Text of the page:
PUEBLO — As we work to rebound from the effects of the pandemic, we have talked about how families and teachers are struggling with virtual learning, especially when it comes to children with special needs. We learned about a group in Pueblo that works to help those children and their families learn and grow.
“My son was only saying two words at the time that he came, and right now my son can say full-blown sentences,” Jessica Rosario said.
Rosario’s son is on the autism spectrum and started learning at AIM in Pueblo last May. She said the progress he’s made has been life-changing, “He was not able to take a walk. They went on walks with him. Now he does not need an adaptive stroller.”
He and other children can get all of their therapies in one spot at AIM, including ABA, or Applied Behavioral Analysis.
“Within this facility, we can do ABA therapy, but at the same time also bring in physical therapy, speech therapy, occupational therapy, whichever coincides with their treatment,” one of the owners Kellie Avila said.
AIM has about 50 employees, in Pueblo and in Colorado Springs, who work with kids from 18 months old and up.
They serve children on the autism spectrum, those with ADHD, and more diagnoses. They do in-home care and in-center care up to eight hours a day.
Some of the educators worry about the kids who have been left behind due to the remote learning challenges of the pandemic.
They prioritize cleaning and following health guidelines so they can continue to stay open.
“It’s difficult when they don’t have the continuity of coming in or having someone in their home. They get so used to the therapy and it’s where they’re making that progress, and if they have to take a few days of a week off, it really impacts their progress,” Avila said.
Many of the parents said they sometimes don’t feel like they get enough support, but here it’s different. There are liaisons offering resources. They’re also able to build a network with other parents in similar situations.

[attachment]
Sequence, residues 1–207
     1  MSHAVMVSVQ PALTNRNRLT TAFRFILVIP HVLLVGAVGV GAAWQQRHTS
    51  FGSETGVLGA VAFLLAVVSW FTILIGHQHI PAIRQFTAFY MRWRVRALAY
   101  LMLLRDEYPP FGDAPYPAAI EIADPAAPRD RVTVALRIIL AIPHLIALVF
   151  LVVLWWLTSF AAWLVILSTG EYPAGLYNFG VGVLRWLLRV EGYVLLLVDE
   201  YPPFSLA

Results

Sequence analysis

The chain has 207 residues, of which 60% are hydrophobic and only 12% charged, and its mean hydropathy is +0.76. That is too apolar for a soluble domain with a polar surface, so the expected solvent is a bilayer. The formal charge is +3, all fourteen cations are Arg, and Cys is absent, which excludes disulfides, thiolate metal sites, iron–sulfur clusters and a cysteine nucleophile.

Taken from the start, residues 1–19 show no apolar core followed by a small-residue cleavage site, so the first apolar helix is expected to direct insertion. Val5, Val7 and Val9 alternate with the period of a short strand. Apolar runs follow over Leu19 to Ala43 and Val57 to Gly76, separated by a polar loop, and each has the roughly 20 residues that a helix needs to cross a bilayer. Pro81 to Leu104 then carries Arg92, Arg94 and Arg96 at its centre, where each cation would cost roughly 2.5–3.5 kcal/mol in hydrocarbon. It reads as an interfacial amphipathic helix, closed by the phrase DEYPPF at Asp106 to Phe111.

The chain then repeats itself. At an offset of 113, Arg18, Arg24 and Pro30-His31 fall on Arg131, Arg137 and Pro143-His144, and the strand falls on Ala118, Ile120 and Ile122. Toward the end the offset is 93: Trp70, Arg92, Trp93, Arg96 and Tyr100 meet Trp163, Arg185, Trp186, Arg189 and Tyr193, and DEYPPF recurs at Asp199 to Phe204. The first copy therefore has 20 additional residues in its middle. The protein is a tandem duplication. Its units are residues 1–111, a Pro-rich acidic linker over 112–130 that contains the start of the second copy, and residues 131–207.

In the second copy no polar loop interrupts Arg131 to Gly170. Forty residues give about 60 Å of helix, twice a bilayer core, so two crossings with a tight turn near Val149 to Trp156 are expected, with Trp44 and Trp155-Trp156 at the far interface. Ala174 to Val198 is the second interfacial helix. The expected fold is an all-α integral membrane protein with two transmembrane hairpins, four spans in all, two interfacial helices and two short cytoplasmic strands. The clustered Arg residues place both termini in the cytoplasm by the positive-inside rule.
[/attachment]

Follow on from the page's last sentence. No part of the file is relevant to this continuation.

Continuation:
“When you come in here, there are parents that have the knowledge, that can guide you to different ways, from getting the speech device to getting a bicycle, to getting the things you need to help your children succeed,” mom Margo Opal said.
Parents can also get educated, some even working toward their CNA certificate so they can further provide for their children.
“You’re gonna have your good days and you’re gonna have your bad days. You just have to push through each day as it comes along,” Rosario said.
As we work to push through and rebound from the effects of the pandemic, AIM said it will continue to help families struggling along the way, and will be there long after as well.
If you need help figuring out a path for your child with special needs, AIM said to give them a call and they’re happy to talk with you.
We’re told the majority of their clients have Medicaid and the benefits cover most everything.
For more information on AIM click here.
Elizabeth's previous story: https://www.koaa.com/rebound/special-needs-education-struggles-during-the-pandemic.